COVID-19 has undoubtedly interrupted life as we know it, but many are itching to return to the normalcy we knew before the pandemic. June saw state governments begin phased reopenings as summer months and holidays approach. In many states, including Arizona, California, and Florida, confirmed cases have spiked. The reopening has been scaled back in Texas in response to rising hospitalizations.
Per spikes in confirmed cases and warnings from health experts, the pandemic is clearly not over in the United States. It is critical to continue to empower first responders and communities to appropriately respond to what may still be to come.
New York City has launched its Text-to-911 service after years of delays. The initiative has been several years in the making under New York’s NextGeneration 911 project.
911 systems across California are getting an upgrade to more quickly route first responders to the scene of an emergency and improve response times.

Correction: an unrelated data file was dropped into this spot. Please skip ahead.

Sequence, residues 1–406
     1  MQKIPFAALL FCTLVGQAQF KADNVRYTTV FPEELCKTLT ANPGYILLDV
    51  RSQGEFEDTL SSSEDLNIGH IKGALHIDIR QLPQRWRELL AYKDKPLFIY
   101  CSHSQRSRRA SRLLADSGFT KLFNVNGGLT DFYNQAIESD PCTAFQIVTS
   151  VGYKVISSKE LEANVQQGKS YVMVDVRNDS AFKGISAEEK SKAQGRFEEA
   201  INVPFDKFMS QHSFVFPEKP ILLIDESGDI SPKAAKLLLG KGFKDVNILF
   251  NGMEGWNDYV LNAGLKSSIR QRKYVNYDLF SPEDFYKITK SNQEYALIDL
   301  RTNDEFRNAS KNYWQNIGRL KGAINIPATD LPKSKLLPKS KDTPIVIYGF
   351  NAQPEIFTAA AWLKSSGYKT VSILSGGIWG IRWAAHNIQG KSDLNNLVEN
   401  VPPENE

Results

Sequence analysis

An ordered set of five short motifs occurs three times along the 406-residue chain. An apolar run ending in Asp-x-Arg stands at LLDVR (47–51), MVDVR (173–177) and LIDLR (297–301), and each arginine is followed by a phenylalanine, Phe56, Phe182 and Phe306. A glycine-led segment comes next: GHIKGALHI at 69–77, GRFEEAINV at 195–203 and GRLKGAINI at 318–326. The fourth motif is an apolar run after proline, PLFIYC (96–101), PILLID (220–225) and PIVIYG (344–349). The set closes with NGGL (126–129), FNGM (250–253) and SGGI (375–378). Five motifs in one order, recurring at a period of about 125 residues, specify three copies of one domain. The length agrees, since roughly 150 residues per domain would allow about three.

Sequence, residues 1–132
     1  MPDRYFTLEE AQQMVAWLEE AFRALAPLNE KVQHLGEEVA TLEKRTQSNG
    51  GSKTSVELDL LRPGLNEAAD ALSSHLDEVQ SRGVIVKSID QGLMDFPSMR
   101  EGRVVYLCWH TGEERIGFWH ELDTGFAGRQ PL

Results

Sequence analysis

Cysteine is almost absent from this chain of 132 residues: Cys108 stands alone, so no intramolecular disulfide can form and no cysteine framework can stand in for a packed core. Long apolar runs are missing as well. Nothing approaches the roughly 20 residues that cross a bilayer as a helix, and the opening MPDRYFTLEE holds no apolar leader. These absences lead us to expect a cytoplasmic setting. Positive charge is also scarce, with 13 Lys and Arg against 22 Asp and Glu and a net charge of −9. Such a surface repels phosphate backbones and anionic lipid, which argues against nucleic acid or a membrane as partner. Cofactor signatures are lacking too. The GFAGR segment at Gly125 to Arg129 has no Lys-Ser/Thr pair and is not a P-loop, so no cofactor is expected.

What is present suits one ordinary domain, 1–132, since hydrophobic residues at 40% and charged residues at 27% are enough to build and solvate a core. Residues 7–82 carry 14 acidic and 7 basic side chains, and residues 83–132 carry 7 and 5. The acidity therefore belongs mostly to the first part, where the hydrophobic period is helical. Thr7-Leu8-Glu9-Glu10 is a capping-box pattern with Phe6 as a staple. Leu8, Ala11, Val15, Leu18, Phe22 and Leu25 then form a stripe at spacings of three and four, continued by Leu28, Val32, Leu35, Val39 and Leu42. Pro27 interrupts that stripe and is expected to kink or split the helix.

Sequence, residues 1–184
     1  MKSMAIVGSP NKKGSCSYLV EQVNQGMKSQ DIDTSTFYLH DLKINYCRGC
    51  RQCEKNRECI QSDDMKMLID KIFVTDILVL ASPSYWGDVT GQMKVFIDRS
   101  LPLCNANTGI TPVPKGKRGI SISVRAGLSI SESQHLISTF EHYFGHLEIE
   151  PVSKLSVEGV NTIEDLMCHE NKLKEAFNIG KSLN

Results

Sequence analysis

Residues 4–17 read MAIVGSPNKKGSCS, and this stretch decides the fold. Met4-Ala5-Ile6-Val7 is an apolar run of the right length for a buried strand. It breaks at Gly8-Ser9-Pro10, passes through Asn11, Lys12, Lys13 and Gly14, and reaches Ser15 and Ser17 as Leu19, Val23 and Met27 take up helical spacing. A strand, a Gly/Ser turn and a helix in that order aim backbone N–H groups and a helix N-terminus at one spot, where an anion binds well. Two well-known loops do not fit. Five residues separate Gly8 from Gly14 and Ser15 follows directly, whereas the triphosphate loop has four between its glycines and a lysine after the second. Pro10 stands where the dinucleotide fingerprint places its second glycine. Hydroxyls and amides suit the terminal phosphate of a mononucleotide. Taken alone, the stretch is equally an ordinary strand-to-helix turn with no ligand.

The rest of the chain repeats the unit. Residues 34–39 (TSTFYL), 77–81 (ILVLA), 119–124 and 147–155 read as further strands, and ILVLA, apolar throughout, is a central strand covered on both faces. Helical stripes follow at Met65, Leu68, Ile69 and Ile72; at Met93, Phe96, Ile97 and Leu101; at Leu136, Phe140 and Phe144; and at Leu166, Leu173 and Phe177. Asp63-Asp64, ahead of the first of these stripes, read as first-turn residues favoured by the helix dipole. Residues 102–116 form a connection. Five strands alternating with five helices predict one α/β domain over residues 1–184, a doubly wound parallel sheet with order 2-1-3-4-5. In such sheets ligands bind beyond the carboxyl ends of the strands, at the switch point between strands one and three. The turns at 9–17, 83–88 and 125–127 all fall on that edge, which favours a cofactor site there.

In an emergency, your phone becomes a lifeline to help – by directly calling 911, but also by sending critical data to first responders from apps already installed on your phone.
In Chandler, Arizona, first responders successfully located a man who had fainted. His Apple Watch detected that he had experienced a hard fall and sent precise location data to the local 911 center.
The fall detection feature built into the Apple Watch saved a 92 year old man’s life after he fell off of a ladder. The technology sent a distress signal to local first responders, who found him in time with the location provided by the smartwatch.
RapidSOS has closed a new funding round led by Transformation Capital, bringing our total funding to $100M+, as we work to support public safety with life-saving data during this unprecedented pandemic.
RapidSOS CEO Michael Martin was featured in Forbes this month, as well as our newest funding round and our latest initiatives to support first responders in saving lives.